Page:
The Role of the Executive Branch of Government
By Joan Whetzel
The first three articles of the US Constitution set up the structures of the branches of government. Article II describes the makeup of the Executive Branch, its role in the Government and foreign relations, authority over the armed forces, and its role in the lawmaking process.
What Is the Executive Branch of the US Government?
Article II of the Constitution appoints the President of the United States as the head of the Executive Branch and authorizes the him or her to ask for advice from the Executive Department heads – known as the Cabinet. The Article also sets the a 4 year limit for one term in office for the President. The President is vested with the power of the Executive Branch and is proscribed with the authority over the Armed Forces. The Vice President is set up as second in line of command, to take over should the President die or leave office for any reason. The Cabinet acts as an advisory committee to help the President make decisions in all affairs, both foreign and domestic. The Constitution makes a separation of powers between the three branches of government. The Congress (the Legislative Branch) passes the laws, the Judicial Branch (in the form of the Supreme Court) rules on the constitutionality of all laws that have been passed, and the Executive Branch is charged with enforcing the laws.
Role of The President
The US Constitution lists the qualifications for anyone to serve as President of the US. The President must be at least 35 years of age, a natural born citizen of the US, and must have lived in the United States for at least 14 years of his or her life and the office has a list of jobs to go with it. The President:
- is head of state and Commander in Chief of the armed Forces.
- is responsible for executing and enforcement of laws enacted by Congress.
- takes counsel from the Cabinet.
- appoints the heads of Federal commissions (e.g. the Federal Reserve Board and the S.E.C.), Federal judges, and ambassadors.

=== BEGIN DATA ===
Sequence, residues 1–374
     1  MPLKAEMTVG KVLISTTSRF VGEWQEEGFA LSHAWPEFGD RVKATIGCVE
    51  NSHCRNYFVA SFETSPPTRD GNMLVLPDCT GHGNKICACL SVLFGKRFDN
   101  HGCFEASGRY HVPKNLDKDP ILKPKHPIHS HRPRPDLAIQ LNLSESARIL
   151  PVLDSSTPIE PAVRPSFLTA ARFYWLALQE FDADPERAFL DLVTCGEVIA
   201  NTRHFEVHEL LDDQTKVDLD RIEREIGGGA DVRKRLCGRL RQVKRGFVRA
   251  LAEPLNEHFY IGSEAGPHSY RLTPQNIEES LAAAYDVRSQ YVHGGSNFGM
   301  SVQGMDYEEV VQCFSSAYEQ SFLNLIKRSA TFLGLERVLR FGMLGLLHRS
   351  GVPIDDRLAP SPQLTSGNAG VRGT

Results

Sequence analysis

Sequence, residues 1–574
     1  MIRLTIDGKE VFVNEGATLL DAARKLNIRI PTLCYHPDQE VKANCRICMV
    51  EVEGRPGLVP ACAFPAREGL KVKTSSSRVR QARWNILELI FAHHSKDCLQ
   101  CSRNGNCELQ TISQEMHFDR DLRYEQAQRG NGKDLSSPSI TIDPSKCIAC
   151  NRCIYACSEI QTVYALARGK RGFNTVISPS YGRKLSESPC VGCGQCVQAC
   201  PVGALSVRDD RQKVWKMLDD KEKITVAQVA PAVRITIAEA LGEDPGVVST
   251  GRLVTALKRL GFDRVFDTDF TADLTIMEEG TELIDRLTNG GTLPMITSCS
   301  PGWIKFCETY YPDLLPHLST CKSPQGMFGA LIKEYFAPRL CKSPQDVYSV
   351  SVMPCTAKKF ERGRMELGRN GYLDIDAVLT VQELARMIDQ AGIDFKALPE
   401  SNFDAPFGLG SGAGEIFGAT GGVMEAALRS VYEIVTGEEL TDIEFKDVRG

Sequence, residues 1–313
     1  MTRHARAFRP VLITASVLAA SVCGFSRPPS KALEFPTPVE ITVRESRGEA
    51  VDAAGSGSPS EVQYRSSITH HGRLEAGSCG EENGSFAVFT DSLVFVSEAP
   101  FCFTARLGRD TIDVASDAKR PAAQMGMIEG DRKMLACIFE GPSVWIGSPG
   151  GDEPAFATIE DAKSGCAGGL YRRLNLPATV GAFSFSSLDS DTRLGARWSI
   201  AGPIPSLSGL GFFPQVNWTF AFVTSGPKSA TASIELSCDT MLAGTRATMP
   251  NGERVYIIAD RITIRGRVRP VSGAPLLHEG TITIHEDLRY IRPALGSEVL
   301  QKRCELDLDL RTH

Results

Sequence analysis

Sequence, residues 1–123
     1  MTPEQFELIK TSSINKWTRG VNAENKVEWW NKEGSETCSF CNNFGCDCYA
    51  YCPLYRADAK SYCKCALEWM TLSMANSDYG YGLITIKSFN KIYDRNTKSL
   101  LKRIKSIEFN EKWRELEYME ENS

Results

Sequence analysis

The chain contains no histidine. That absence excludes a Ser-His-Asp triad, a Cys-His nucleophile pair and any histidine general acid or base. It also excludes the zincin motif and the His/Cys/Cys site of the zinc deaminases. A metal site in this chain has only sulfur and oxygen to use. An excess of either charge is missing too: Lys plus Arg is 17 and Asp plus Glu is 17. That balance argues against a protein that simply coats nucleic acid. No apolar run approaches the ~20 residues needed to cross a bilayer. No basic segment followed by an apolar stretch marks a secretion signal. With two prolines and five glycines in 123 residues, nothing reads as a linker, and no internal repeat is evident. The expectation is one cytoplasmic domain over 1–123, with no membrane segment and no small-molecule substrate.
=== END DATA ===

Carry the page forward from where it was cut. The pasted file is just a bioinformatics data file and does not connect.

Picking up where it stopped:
- signs legislation passed by the Congress or exercises his or her right to veto those bills passed by Congress.
- conducts diplomatic duties with other nations.
- negotiates and signs treaties.
- issues executive orders.
- grants pardons for federal crimes, with the exception of impeachment.
- provides a “state of the union” address to a joint session of Congress once a year (with the exception of inaugural years) to fill them in on the agenda for the upcoming year.
- is elected every four years by a majority vote from the electoral college.
- lives with the First Family in the White House in Washington DC.
The Vice President
The Vice President belongs to the same political party as the President, runs on the same ticket as
the President during the election process, and is automatically elected with the President. As second in command, the Vice President:
- must be ready to assume the Presidency should the current President die, be incapacitated, or leave office for any reason.
- serves as the head of the Senate and casts the deciding vote in case of a tie.
- has an office in the West Wing of the White House during working hours.
- lives with his or her family at the official living quarters in the United States Naval Observatory in Washington DC.
The Cabinet acts as an advisory committee to the President. The Cabinet is made up of the heads of 15 Federal department who are all appointed by the President and must be confirmed by the Senate. The members of the Cabinet not only advise the President they make up the line of succession to the Presidency after the Vice President and the Speak of the House of Representatives.
The White House. The Executive Branch.
Wikipedia. Executive (government).
Encyclopedia.com Constitutional Role of the Executive Branch.
Reid, Stephanie. Houston Chronicle. "What Are the Duties of the Executive Branch?"
The Executive Branch
Government Made Easy: The Executive Branch
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